“What ended up happening with the music, which I think is kind of unfortunate, is that it just got packaged over and over again into different varieties of greatest hits. They’re all called like ‘Golden Hits’ or this kind of hit or re-recorded this or that,” Adria says. “But the truth is, there’s a huge body of music ranging from Country/Americana to really incredible rockabilly and old standards, some of which we put on Hey Doll Baby.”
“There’s so much depth from the beginning,” Jason adds, “and I think what Adria is saying is that there is so much material that because of the circumstances probably got overlooked. But the genius, the quality of what they did on all this material gets to be re-explored now. And Adria’s done a magnificent job on this record … we need to really focus on this and bring attention to the world.”
“It’s still relevant and it still moves you,” Adria confirms.
Outside of the title track, “Hey Doll Baby,” which was written by Titus Turner, there’s a fantastic cover of “I Walk The Line” (originally sung by Johnny Cash). Adria also uncovered “a great ‘Maybellene’ [originally sung by Chuck Berry].”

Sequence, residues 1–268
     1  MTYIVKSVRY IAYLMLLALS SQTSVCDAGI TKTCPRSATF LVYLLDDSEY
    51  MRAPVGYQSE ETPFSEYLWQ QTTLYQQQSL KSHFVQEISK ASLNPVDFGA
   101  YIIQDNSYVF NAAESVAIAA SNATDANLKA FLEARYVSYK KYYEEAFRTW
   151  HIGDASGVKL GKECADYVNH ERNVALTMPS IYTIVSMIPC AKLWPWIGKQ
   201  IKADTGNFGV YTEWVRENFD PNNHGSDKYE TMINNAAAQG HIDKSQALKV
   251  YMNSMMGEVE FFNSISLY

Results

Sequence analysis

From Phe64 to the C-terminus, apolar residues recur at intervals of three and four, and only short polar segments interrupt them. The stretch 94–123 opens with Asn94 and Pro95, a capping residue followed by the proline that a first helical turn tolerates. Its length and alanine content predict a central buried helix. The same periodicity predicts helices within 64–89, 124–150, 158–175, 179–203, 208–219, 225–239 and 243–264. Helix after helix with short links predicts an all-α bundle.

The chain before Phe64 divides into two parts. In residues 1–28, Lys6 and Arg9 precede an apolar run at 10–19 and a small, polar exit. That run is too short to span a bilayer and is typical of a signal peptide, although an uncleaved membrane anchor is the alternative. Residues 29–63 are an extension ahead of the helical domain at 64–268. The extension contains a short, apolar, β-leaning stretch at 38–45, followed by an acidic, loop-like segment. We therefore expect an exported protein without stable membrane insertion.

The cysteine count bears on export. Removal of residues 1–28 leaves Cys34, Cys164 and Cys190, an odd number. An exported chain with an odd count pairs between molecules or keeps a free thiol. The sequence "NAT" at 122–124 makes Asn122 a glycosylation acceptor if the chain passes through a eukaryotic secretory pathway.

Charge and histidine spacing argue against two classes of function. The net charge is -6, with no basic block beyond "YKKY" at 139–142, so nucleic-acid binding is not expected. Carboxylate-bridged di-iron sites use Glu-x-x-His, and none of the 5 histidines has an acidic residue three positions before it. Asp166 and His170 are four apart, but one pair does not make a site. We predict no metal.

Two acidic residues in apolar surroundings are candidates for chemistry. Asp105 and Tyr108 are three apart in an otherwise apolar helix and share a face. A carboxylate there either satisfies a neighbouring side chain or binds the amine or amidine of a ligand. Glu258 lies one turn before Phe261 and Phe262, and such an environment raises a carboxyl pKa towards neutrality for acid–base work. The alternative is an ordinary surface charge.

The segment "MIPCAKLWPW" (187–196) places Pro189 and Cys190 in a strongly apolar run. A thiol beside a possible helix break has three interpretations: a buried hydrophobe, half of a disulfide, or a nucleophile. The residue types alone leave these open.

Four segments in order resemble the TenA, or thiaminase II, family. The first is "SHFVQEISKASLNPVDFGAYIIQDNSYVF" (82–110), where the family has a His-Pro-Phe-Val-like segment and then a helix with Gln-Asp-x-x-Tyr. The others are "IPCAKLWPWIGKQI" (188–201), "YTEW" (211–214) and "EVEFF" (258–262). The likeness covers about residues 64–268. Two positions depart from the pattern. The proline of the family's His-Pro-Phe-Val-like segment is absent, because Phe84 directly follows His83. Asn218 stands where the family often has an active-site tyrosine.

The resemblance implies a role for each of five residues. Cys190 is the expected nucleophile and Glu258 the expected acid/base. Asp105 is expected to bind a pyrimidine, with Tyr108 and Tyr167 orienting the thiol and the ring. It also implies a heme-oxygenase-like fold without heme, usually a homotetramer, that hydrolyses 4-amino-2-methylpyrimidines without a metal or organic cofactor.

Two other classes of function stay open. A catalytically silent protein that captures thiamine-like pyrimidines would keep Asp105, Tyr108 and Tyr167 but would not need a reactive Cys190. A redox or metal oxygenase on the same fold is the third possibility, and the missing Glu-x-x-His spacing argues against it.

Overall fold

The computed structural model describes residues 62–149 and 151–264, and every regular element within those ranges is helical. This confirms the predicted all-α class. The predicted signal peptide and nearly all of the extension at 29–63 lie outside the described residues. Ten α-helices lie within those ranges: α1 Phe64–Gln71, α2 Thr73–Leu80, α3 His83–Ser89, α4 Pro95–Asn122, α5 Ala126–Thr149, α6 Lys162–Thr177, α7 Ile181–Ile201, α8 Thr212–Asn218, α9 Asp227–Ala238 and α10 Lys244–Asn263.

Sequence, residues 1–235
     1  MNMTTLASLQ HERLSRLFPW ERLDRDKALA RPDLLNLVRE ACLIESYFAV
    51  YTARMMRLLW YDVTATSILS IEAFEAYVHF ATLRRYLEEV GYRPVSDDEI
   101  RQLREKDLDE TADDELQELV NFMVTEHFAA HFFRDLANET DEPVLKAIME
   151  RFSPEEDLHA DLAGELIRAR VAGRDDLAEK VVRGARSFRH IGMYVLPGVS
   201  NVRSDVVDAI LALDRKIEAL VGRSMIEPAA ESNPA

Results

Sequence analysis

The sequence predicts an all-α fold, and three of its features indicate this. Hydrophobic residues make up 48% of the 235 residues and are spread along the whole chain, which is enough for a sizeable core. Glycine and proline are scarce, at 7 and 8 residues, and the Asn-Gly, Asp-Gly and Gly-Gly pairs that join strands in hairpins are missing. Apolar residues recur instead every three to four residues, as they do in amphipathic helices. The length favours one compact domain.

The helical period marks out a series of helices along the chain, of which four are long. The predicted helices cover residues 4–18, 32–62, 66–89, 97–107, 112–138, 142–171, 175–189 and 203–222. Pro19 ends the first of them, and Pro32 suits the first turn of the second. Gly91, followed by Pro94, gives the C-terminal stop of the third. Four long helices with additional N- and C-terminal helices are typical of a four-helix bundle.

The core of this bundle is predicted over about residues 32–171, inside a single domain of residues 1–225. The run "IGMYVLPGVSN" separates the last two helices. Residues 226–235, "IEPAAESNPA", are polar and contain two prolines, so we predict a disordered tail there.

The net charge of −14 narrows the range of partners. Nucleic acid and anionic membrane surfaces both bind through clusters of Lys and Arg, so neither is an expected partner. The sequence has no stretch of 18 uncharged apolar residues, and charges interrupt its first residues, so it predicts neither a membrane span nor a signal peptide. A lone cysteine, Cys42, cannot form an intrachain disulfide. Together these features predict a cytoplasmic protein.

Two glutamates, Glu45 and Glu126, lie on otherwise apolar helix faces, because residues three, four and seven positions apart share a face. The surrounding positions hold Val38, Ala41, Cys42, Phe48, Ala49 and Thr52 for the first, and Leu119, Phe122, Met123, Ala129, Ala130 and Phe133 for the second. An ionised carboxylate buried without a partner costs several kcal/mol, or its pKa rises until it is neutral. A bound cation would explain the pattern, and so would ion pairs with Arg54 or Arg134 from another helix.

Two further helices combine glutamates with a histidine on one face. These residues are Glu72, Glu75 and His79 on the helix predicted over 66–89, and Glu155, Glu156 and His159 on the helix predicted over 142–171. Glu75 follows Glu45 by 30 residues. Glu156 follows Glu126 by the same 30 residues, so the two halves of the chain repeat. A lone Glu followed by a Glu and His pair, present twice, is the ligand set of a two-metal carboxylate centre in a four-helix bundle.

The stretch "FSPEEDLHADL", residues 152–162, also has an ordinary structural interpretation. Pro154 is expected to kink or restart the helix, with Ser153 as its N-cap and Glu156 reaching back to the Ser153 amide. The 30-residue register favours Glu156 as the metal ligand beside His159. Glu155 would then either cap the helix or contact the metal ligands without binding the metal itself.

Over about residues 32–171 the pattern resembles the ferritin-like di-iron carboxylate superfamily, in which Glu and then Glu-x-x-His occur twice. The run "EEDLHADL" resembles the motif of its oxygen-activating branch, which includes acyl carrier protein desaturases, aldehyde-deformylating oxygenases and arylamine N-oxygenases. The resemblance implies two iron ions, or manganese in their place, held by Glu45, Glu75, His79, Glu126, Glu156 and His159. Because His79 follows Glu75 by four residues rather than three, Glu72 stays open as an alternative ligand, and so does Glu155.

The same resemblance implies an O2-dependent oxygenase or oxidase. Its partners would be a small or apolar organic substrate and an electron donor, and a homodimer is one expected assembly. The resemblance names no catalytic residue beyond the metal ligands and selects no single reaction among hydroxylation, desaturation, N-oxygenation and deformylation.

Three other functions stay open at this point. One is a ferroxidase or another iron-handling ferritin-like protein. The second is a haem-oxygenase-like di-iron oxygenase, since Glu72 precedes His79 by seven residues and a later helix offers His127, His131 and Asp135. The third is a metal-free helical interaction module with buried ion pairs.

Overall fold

“This [type of song] can be overlooked because they’re not original tracks,” Adria says. “But, you know, to me, they were cool and important, and they really emphasize the guitar playing. And there was something less orchestrated and campy about the songs that we picked. They felt very visceral and almost like you were standing close to them while they recorded it.”
Another deep cut on the record is “Gone, Gone, Gone.” In Jason’s opinion, the Don/Phil written track didn’t get played enough when the Brothers were touring. It also happens to be one of Jason’s favorite upbeat Everly Brothers songs. “It’s just too cool for school,” Jason says of the song. “It’s like them almost clapping back at the Beatles,” Adria adds.